Kentucky Governor Steve Beshear says state officials are aggressively searching for options to accommodate traffic at the Eggner’s Ferry Bridge. The Governor says he expects inspection reports to be ready within the next couple of weeks to help clearly layout a timeline for whichever options are deemed best. He says though, at this point, it looks like one of the quickest options may be establishing a ferry service at the site:
Gov. Steve Beshear today took a firsthand look at the damaged Eggners Ferry Bridge and said getting traffic restored across Kentucky Lake is among his highest priorities.
“We are keenly aware of the inconvenience for travelers and the economic hardship that has been created for many business owners because of the sudden loss of this route across Kentucky Lake,” Gov. Beshear said. “Our engineers are working non-stop on plans to get traffic safely restored.”
Kentucky Governor Steve Beshear has joined with members of the Commonwealth's congressional delegation to press the US Department of Energy to offer a plan for the future of Paducah's government-owned nuclear enrichment plant. The plant could cease operations later this year, eliminating about 1,200 jobs. Beshear sent a letter to Energy Secretary Steven Chu Monday, saying lack of action by the DOE is putting a major economic engine in western Kentucky at risk. Beshear's letter came days after Republican Senate Leader Mitch McConnell, Senator Rand Paul and Representative Ed Whitfield call
Governor Steve Beshear will make an announcement Wednesday at 11:30 a.m. regarding the Eggners Ferry Bridge. The Governor will hold a press conference at the eastern section of the bridge. While details of the speech aren’t public, it is likely that Governor Beshear will address the future of that crossing at Kentucky Lake.
After weeks of waiting, Governor Steve Beshear and state Senator Damon Thayer have unveiled their constitutional amendment for expanded gambling.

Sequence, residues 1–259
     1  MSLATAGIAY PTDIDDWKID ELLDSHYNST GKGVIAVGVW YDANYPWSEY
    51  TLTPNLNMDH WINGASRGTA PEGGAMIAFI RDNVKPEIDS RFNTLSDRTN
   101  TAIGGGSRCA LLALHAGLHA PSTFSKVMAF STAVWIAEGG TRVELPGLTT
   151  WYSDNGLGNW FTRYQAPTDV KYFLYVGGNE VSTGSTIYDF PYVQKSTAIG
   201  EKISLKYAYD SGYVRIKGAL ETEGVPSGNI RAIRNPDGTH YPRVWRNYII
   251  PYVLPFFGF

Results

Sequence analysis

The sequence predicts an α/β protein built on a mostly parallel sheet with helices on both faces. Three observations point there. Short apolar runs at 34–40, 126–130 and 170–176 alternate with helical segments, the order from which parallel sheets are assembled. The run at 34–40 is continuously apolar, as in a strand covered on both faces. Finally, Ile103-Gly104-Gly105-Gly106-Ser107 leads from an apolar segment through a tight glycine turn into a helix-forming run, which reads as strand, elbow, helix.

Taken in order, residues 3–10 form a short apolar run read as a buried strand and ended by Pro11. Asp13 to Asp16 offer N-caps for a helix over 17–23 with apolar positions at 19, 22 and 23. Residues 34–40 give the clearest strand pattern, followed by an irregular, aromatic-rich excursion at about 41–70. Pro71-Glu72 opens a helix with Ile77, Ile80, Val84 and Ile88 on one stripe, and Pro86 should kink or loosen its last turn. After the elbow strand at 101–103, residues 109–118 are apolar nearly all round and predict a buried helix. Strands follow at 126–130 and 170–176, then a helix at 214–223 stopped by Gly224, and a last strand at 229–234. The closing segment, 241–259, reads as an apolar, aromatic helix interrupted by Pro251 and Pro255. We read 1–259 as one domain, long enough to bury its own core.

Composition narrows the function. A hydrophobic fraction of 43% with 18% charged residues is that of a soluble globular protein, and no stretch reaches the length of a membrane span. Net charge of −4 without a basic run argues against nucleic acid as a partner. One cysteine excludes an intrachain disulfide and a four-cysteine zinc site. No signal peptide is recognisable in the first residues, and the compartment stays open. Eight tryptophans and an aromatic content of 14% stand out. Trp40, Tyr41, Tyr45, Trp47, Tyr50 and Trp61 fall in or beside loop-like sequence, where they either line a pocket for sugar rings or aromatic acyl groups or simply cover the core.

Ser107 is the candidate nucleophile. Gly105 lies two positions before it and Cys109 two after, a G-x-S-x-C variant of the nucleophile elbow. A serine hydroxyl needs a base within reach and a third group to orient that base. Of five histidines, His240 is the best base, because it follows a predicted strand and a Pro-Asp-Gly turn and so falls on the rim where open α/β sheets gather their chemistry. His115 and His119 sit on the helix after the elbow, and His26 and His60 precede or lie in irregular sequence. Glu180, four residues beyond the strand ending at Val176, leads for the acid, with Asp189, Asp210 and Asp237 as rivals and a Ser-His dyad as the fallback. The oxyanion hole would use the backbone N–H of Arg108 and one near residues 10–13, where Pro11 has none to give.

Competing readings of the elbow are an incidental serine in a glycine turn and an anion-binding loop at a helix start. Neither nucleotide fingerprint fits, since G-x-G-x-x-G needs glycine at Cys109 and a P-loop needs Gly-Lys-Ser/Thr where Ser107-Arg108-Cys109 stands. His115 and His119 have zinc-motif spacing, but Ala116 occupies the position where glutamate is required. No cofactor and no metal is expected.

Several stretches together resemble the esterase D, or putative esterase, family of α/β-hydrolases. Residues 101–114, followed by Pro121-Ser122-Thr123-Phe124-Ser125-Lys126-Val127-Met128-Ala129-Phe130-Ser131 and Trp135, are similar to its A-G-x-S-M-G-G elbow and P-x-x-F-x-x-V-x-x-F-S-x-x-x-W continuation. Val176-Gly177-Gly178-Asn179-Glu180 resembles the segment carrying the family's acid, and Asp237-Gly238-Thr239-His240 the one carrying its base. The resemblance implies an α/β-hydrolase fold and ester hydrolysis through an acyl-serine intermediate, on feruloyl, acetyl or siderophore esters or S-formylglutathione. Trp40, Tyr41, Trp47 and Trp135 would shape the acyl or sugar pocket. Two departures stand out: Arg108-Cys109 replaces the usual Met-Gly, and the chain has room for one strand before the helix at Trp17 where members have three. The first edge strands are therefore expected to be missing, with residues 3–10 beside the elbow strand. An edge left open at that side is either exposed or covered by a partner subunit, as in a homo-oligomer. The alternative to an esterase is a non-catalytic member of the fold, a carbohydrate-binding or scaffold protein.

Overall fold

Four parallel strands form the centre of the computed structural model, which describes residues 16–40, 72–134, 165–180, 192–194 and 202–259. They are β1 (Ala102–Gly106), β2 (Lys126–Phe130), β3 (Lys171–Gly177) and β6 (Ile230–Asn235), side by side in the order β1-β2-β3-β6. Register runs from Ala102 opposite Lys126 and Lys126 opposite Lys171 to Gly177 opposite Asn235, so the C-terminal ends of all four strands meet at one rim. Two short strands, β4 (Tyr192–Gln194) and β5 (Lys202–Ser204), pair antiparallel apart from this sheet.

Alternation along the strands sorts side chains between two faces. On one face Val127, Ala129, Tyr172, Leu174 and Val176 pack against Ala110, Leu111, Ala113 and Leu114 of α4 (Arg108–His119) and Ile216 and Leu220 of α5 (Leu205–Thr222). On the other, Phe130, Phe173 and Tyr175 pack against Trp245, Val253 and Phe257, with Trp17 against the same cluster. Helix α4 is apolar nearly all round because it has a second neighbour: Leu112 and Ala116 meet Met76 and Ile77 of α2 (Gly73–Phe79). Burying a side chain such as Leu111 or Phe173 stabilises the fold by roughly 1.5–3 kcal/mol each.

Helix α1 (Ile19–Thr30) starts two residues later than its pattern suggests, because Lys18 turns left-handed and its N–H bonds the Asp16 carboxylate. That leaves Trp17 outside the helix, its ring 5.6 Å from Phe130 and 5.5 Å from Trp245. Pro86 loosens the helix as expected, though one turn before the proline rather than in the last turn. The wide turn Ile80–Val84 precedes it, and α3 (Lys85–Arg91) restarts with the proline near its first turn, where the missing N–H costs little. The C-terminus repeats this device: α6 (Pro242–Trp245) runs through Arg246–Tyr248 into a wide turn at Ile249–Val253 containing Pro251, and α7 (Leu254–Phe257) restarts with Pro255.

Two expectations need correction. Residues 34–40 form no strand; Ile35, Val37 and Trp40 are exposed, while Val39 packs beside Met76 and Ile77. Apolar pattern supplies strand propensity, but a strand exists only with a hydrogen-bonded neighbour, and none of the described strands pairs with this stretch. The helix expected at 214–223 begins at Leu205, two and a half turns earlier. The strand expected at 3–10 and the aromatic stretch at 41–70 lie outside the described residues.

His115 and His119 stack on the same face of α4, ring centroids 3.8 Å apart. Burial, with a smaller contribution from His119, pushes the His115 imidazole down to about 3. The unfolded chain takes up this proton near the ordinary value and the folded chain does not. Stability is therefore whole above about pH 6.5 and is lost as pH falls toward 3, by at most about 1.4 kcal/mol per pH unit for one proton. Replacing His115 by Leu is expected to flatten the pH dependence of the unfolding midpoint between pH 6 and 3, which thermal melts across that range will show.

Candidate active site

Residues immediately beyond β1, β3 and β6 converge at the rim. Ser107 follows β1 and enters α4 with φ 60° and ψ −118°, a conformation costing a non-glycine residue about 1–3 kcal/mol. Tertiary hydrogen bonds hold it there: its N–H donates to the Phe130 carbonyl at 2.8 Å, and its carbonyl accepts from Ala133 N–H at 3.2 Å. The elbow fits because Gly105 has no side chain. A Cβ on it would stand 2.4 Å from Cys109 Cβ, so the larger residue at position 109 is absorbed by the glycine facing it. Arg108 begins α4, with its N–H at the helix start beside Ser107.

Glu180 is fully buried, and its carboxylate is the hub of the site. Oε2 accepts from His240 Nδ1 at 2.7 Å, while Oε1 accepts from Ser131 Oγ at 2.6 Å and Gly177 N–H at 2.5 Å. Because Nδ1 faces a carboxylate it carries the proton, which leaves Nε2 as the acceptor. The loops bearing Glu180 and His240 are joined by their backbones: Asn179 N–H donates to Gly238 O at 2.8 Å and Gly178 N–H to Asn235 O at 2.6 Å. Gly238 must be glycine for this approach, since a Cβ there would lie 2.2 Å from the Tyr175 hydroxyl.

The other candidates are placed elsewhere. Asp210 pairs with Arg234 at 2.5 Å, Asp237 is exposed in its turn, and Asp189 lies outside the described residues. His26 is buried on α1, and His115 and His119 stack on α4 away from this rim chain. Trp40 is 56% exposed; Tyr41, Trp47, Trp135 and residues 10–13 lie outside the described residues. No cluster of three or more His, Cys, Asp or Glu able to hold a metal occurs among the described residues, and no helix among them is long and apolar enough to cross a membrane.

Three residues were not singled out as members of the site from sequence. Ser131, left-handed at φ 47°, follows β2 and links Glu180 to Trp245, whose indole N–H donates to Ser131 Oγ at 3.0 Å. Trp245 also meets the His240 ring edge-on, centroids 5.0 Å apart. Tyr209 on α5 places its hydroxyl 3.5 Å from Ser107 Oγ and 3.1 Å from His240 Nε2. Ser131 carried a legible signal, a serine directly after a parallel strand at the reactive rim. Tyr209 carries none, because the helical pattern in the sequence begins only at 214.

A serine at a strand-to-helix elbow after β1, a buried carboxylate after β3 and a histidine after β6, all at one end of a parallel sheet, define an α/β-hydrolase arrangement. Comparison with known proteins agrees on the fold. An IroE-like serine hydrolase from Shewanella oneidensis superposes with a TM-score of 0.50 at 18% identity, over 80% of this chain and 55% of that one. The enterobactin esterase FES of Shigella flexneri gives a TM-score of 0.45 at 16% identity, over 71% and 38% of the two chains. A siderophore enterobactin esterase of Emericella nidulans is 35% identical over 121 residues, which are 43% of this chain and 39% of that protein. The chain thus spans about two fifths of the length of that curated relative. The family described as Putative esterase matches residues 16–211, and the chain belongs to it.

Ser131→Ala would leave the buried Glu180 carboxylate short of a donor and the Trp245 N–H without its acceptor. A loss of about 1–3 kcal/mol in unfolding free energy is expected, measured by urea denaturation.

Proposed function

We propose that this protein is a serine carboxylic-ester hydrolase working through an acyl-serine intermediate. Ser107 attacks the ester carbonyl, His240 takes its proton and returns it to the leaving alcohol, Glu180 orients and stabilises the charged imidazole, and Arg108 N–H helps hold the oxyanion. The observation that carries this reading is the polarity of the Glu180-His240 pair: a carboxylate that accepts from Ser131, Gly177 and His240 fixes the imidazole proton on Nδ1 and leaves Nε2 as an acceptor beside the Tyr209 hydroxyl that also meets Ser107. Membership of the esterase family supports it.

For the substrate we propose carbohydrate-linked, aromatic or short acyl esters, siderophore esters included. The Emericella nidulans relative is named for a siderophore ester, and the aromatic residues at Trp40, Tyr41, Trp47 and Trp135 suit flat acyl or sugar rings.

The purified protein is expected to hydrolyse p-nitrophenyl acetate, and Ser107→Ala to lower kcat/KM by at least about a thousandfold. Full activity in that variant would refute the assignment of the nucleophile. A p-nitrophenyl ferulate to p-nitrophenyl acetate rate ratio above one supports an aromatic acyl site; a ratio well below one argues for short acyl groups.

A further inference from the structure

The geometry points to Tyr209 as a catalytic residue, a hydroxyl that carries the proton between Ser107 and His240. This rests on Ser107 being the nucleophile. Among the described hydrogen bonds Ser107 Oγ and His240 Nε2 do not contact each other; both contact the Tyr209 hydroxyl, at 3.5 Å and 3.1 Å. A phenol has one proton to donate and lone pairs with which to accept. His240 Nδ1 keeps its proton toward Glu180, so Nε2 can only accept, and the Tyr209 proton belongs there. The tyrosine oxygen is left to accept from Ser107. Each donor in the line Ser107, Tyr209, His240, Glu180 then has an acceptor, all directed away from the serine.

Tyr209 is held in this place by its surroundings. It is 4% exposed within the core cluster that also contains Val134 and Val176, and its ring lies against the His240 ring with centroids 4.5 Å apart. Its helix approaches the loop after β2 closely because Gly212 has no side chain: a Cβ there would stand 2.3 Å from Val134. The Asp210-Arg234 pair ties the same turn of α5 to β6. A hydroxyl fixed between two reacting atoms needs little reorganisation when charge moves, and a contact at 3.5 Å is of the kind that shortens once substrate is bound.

The amendment allows for up to seven casinos in Kentucky, but five must be at horse racing tracks. The two free-standing casinos cannot be within sixty miles of a track, regardless of whether that track has a casino.
Governor Steve Beshear told business leaders today Kentucky needs to develop more revenue to dig out of the economic recession. He says one way to do that is by passing expanded gambling.
Beshear isn't giving up on an effort to get the public to vote on a constitutional amendment that would allow casinos at Kentucky horse tracks. Now that the filing deadline has passed for state legislative elections, Beshear expects the bill to be introduced in the next few days.
After weeks of disagreement, new districts for Kentucky's six U.S. House seats will become law.
The issue appeared dead earlier this week when the state Senate was unable to approve a new map. But lawmakers rallied around a compromise plan last (Thursday) night.
Under the new plan, the Second District will lose some of its northern counties and stretch further east. And the Sixth District around Lexington will become safe for Congressman Ben Chandler as it sheds Republican counties.
Governor Steve Beshear says the problems with Kentucky s new Medicaid Managed Care system will be resolved.
Beshear pushed for the managed care system last year to take some of the administrative burden of Medicaid off of the state. But earlier this week, doctors, pharmacists and hospital officials told lawmakers there were significant problems with the system. Specifically, care providers are owed millions of dollars in claim payments and have struggled to get pre-authorizations for procedures and medications.
But the governor isn't surprised to hear about the problems.
Kentucky Governor Steve Beshear has appointed a 23-member ‘blue ribbon commission’ to study the state's tax system and propose a reform plan. The commission will be headed by Lt. Governor Jerry Abramson and will review the state's current tax system and make recommendations by November 15th. Beshear says the state needs to ensure it has a tax system that produces adequate revenue to meet Kentuckians’ needs. He also says tax revenue has been growing at a rate of 70 to 75 percent of the economy's growth and state government has cut spending by $1.3 billion.
Governor Steve Beshear has put together a bipartisan group of 23 Kentuckians to serve on his tax commission.
The group is made up partially of lawmakers from each party, although they won’t be able to vote on commission issues. Other members include former University of Kentucky president Lee Todd, banker and Republican fundraiser Marion Forcht, and Louisville businessman Junior Bridgeman.
The commission's recommendations for changes to the state tax code are due by November 15, well after the current legislative session ends.